Jackson followed Molly’s pull through the harness as he thought back to what he’d just heard. Harold had obviously been talking about an oil or gas well, probably something here in Louisiana somewhere by the sound of the name. Which seemed strikingly familiar.
Jackson didn’t have too long to dwell on it, though, because only a few minutes later, he heard the sound of a door opening behind him, and Harold’s voice calling out, “You’re going the wrong way. That dog must not be worth very much.” He huffed. “Never mind. The tailor isn’t here yet. I suppose he can set up anywhere.”
The tailor had arrived not long after, so they’d gathered in the dining room in a part of the house Jackson hadn’t explored during the party. Harold stayed to observe, almost as if he were enjoying watching Jackson flinch and stiffen every time the tailor or his assistant touched him as they went about their measurements.
“I was certain someone of your persuasion would relish having two men put their hands all over you.”
Jackson grit his teeth; it would be pointless to try to explain how unsettling it was to be touched unexpectedly, especially over and over. Being gay didn’t mean he wanted to be pawed by anyone with a dick.
“Please stand still, monsieur,” the tailor grumbled for the twentieth time in his French accent that Jackson was almost 100% sure was an affectation. Too bad he read French better than he spoke it, because he would have loved to test his theory. Jackson took a grounding breath and tried to ignore the tailors as much as possible, turning his head in the direction of Harold’s voice. “So what is the real reason you made me this last-minute offer? Planning a PR stunt to show how open and accepting Cadmus is when the front page of the carnival supplement in the Times Pic has a giant photo of me with Molly, smiling in front of a float you don’t mind revealing ahead of time for the good press?” Jackson couldn’t help the scorn that dripped from his voice. As excited as part of him was to be honored with his rightful place in the court, a position he should have been offered years ago, he couldn’t shed years of resentment and bad treatment by Harold and other krewe members.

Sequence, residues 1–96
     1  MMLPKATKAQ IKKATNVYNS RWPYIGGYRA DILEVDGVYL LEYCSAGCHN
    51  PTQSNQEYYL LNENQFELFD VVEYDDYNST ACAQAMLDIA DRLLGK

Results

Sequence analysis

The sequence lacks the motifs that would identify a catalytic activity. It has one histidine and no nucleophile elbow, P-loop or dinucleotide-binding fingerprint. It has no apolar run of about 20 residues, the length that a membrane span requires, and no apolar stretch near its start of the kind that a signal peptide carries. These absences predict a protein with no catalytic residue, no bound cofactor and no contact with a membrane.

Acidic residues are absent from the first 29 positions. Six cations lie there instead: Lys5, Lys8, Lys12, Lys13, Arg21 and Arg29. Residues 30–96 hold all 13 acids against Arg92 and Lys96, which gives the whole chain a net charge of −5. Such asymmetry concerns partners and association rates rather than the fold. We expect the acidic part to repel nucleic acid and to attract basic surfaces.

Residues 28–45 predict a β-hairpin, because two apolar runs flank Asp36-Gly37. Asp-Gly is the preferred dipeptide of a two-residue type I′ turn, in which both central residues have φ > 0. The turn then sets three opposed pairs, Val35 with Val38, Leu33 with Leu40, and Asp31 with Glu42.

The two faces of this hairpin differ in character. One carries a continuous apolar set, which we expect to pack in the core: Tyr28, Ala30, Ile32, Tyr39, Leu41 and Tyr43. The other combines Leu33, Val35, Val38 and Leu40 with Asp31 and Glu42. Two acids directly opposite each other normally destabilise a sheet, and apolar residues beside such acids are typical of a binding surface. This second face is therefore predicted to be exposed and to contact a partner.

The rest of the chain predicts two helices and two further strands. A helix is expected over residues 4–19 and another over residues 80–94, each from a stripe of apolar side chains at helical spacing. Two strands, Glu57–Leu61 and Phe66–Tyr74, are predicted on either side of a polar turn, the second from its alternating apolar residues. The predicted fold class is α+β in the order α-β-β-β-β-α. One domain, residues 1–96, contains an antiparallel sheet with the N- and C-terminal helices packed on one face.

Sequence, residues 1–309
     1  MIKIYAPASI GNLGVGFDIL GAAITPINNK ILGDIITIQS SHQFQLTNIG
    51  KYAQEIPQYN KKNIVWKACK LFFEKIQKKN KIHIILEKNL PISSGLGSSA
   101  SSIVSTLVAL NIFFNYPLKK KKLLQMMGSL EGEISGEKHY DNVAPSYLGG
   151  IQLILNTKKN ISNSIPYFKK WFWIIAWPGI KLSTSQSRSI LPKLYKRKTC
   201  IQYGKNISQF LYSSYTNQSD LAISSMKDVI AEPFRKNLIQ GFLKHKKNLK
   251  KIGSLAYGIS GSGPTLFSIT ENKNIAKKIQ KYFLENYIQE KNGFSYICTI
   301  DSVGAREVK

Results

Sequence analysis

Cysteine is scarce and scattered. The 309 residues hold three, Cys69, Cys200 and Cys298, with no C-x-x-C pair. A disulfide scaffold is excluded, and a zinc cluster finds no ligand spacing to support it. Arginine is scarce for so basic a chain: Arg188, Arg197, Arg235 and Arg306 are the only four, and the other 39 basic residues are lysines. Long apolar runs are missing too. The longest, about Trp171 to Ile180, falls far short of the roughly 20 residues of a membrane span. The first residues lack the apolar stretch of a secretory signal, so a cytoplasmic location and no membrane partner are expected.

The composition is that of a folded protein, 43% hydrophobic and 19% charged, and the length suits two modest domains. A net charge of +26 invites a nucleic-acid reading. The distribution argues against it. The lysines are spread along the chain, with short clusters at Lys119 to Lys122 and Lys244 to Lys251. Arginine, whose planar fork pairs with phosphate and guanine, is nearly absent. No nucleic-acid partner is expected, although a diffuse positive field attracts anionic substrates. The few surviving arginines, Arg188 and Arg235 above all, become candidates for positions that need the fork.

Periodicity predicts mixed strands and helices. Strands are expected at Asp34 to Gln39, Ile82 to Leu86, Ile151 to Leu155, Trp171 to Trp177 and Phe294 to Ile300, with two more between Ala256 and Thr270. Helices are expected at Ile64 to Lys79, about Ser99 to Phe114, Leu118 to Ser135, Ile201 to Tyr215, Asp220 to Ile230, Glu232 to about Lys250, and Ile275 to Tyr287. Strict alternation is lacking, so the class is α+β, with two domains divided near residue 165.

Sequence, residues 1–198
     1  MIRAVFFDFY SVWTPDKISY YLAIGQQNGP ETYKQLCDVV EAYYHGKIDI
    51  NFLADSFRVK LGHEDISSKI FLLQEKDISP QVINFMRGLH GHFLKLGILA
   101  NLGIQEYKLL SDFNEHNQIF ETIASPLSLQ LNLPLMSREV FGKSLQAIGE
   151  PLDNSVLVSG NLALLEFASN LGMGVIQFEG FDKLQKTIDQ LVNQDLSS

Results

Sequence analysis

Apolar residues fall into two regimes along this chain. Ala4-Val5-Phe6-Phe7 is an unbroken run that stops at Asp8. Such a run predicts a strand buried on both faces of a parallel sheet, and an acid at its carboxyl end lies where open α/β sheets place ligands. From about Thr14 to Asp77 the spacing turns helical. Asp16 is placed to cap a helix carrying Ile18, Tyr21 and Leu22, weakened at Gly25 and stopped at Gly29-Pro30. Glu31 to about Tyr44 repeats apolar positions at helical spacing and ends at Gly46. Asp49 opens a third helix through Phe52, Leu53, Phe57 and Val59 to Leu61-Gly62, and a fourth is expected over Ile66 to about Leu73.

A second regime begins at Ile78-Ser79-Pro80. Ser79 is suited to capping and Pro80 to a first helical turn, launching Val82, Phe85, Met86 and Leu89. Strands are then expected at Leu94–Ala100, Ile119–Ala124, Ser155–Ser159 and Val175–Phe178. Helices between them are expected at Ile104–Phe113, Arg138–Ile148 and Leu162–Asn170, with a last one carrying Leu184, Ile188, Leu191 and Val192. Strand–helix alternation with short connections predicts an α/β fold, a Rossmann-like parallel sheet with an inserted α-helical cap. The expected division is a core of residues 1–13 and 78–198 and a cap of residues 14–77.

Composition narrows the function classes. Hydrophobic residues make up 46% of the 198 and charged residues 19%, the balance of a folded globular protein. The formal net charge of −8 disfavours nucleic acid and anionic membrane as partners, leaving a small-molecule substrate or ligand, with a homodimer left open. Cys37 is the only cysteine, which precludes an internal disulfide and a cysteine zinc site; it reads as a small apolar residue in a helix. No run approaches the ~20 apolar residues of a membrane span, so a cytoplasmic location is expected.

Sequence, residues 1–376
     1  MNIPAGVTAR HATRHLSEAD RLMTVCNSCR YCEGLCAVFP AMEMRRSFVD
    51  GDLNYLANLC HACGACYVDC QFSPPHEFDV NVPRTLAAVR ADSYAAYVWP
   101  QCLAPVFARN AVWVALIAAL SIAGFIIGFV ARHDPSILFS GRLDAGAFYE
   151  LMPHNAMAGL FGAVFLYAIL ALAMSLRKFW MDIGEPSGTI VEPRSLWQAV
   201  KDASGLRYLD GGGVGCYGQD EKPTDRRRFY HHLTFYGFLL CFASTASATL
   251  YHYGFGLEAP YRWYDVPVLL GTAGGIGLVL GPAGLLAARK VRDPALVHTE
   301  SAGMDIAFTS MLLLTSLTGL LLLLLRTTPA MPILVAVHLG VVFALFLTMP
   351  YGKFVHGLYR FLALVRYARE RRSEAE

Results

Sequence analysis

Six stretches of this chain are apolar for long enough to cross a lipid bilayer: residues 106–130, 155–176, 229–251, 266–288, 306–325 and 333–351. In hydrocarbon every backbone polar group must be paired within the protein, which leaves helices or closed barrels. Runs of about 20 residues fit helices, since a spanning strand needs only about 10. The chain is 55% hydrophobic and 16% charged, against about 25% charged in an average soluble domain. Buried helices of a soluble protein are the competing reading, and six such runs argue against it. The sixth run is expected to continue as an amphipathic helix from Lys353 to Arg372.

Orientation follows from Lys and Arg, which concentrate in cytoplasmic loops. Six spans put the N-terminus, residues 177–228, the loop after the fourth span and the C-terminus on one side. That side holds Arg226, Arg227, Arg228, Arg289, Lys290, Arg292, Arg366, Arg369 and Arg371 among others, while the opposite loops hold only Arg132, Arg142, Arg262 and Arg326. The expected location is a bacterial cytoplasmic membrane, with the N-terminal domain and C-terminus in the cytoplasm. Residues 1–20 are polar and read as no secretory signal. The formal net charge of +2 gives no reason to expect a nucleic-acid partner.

Harold’s wheezing laugh echoed in the large, high-ceilinged room. “No, but not a bad idea. Not that Cadmus needs any more publicity.”
“Monsieur, please, turn this way,” the tailor grumbled.
Jackson sighed. “Which—?” he started to ask, but the tailor or his minion impatiently pushed to shove Jackson into the position they wanted, causing Jackson to start to lose his balance. Molly must have seen he was about to fall, because she jumped up, bracing him with her body in time for him to stabilize himself with a combination of leaning against her and grabbing onto her until he could get his feet and knees re-aligned. It wasn’t something she had been trained for, but had instead developed through their close working bond. Jackson let out a sigh of relief. “I’ll move if you want but don’t shove me again,” Jackson snapped, hoping he was looking in the general direction of the tailor and his assistant.
Harold laughed again. “Jackson’s not just blind, he’s clumsy.”
Jackson felt every muscle in his body tense, and he wished he were close enough to strangle Harold, but he could tell even with the way the room distorted the sound that Harold had to be well out of arm’s reach. “I’m beginning to think you only invited me here for your personal entertainment. Are you really that bored?” Jackson started to fold his arms on his chest when the tailor tsked and pulled them away, pushing them up so they were spread out on each side like he was a scarecrow.
“I told you,” Harold said, sounding less amused and more irritated, a tone of voice that Jackson was pretty sure was one of the man’s default manners of speaking, coupled with sneering condescension. “The upper circle decided it was high time you were seated in the court.”